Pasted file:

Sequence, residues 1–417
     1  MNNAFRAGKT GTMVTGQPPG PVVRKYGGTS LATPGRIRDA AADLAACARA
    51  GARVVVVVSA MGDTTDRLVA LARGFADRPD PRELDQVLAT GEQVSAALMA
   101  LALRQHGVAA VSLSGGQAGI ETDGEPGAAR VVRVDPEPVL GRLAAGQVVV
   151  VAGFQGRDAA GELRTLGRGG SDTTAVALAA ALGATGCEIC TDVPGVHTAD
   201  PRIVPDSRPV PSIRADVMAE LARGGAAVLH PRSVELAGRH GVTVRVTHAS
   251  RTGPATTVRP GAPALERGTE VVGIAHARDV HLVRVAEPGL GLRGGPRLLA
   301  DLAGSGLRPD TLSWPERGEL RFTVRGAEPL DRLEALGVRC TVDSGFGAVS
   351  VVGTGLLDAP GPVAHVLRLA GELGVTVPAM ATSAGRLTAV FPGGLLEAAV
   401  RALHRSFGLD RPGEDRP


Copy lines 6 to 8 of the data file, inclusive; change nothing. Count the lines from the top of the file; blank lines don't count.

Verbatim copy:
   201  PRIVPDSRPV PSIRADVMAE LARGGAAVLH PRSVELAGRH GVTVRVTHAS
   251  RTGPATTVRP GAPALERGTE VVGIAHARDV HLVRVAEPGL GLRGGPRLLA
   301  DLAGSGLRPD TLSWPERGEL RFTVRGAEPL DRLEALGVRC TVDSGFGAVS